Tuesday, September 8, 2009

Mite-y Good Rusty Days...

So says a headline written when H.N. "Rusty" Russell was 76, with an editorial remark that the legendary coach's only flaw might have been not having a clear head at the beginning of games due to to the hardship of broken-down rusty equipment like Old Blue, the ancient scrap of a pick-up that ferried the team to games. Russell recalled that he'd felt half drunk by the time he arrived at games from driving the old Dodge truck with his team in the back bed. "Dern right I drove it," he said, "that ole truck nearly gassed me to death" with the fumes leaking into the cab.

David Castevens wrote, "Perhaps that's Rusty Russell's only flaw. He stayed intoxicated with football's aroma, from 21 years as a schoolboy coach to the hey-days of Doak Walker at SMU." Russell's indelible mark on football led him to be inducted into the Texas Sports Hall of Fame. His overall record as a head coach in 23 years of high school and 13 years as college head coach is 250 wins, 100 losses, 21 ties -- a 71% winning percentage. Russell coached 43 teams (he coached two high teams in one year) in 42 years total including his years as assistant coach at SMU before he became head coach and when started coaching at Temple High School as an assistant coach. As an assistant at SMU Russell enjoyed a 32-16-5 record where the Mustangs were nationally ranked, won two Southwest Conference titles, and made two Cotton Bowl appearances in 1947 and 1948.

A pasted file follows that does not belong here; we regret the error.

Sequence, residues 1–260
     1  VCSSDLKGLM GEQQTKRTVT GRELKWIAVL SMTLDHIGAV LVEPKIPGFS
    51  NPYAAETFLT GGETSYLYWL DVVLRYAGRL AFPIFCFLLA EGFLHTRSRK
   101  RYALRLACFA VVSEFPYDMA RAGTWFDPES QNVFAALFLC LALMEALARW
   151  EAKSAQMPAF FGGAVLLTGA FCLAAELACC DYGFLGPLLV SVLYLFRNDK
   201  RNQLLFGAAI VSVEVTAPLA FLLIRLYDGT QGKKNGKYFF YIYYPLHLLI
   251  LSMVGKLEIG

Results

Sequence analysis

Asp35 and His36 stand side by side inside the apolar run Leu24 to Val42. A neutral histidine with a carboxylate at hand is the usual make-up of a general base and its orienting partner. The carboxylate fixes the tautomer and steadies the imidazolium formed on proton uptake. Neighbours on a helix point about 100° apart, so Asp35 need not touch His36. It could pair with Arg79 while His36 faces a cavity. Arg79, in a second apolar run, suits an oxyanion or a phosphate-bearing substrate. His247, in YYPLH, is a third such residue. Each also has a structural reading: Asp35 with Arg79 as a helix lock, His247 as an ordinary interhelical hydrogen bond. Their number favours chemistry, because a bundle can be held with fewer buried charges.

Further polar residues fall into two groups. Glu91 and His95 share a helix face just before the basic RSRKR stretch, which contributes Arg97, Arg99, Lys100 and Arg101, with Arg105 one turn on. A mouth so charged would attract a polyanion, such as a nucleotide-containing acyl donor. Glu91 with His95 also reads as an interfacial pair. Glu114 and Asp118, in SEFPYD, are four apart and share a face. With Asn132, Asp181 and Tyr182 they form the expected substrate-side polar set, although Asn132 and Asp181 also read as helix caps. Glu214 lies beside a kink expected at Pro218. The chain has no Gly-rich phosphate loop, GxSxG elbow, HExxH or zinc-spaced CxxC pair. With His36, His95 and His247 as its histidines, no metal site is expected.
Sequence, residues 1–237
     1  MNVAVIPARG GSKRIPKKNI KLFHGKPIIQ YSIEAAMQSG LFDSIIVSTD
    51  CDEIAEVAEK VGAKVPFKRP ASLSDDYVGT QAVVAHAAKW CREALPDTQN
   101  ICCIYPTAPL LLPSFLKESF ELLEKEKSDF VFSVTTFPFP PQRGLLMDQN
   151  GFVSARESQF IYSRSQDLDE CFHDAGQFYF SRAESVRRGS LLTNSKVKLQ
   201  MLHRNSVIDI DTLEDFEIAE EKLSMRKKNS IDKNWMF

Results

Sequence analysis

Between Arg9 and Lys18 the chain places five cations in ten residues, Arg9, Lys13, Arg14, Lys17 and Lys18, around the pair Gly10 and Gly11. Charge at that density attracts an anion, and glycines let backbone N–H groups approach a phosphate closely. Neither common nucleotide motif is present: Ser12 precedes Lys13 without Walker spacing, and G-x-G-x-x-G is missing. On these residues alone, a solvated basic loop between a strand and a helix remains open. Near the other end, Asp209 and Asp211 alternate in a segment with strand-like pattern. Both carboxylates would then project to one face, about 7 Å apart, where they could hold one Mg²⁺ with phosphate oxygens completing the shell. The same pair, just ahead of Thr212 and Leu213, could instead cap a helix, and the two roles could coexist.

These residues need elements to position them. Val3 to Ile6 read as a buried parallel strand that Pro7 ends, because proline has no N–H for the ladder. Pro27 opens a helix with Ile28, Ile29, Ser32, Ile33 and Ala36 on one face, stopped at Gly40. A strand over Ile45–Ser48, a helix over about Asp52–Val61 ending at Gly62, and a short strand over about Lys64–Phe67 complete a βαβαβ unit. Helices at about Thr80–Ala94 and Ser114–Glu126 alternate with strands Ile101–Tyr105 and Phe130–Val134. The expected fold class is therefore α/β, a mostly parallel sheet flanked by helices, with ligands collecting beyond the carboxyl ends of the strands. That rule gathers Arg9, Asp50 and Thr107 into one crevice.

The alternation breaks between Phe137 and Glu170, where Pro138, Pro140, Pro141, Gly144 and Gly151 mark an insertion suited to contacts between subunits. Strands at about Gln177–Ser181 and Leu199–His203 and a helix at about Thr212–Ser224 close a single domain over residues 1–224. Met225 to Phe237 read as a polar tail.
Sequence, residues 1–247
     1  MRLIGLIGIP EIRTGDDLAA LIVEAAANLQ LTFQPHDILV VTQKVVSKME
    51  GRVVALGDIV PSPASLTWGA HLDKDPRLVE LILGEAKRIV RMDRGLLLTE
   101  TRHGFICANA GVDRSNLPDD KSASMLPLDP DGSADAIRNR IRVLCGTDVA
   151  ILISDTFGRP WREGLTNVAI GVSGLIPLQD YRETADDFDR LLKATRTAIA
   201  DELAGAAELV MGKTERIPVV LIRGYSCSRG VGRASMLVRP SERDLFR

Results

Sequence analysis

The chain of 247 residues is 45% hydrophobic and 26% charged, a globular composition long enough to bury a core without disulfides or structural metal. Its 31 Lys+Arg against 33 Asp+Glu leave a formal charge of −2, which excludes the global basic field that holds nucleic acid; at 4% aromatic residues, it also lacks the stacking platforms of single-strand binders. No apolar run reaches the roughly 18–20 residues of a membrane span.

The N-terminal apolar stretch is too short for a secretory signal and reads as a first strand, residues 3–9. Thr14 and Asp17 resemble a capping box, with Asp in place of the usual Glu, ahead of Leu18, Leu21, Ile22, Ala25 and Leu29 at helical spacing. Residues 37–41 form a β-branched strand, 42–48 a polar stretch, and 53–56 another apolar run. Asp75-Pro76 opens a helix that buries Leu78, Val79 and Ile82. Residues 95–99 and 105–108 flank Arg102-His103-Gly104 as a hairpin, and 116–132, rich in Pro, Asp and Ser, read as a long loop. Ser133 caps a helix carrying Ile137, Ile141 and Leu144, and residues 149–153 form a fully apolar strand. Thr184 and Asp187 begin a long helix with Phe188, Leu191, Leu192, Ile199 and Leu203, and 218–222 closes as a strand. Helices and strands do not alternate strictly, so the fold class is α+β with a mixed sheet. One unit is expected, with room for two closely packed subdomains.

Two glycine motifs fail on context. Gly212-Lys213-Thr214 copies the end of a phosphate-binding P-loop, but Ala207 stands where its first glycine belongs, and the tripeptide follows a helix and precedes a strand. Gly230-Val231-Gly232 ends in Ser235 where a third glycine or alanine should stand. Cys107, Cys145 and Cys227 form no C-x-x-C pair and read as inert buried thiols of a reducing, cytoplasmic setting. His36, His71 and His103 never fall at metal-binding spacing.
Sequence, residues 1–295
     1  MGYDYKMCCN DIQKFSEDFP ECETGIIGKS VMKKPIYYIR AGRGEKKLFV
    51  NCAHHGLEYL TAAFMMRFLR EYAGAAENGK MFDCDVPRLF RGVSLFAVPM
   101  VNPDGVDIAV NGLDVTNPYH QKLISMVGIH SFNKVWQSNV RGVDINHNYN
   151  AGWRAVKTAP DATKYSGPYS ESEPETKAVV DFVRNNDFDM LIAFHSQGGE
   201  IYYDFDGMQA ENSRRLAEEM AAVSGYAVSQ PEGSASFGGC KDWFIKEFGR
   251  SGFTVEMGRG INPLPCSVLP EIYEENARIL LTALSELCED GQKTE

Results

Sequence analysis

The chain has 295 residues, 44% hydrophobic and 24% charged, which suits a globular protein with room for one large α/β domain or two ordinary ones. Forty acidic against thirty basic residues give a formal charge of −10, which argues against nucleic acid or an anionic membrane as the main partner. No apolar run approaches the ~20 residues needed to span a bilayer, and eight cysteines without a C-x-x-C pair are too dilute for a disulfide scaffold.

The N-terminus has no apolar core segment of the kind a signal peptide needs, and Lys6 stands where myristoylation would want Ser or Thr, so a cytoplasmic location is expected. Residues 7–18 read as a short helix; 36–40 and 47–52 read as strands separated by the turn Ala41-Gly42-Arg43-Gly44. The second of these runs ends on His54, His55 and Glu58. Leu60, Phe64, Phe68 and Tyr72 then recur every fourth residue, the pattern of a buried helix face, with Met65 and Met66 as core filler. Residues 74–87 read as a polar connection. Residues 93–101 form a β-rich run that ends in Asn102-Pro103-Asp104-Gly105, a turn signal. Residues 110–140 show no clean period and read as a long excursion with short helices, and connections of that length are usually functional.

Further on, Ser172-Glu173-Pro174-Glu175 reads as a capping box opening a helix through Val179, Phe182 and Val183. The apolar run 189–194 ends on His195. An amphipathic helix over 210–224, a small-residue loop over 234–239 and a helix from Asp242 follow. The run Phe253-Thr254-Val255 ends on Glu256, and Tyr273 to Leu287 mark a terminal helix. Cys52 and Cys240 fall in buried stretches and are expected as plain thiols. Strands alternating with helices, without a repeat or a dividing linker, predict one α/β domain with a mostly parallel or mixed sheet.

Bear Bryant, referred to his friend Russell as being the greatest passing coach in the United States. Russell was called a "quiet and congenial" coach, the "man behind the guns" and "an innovator", a "football genius" and a legend.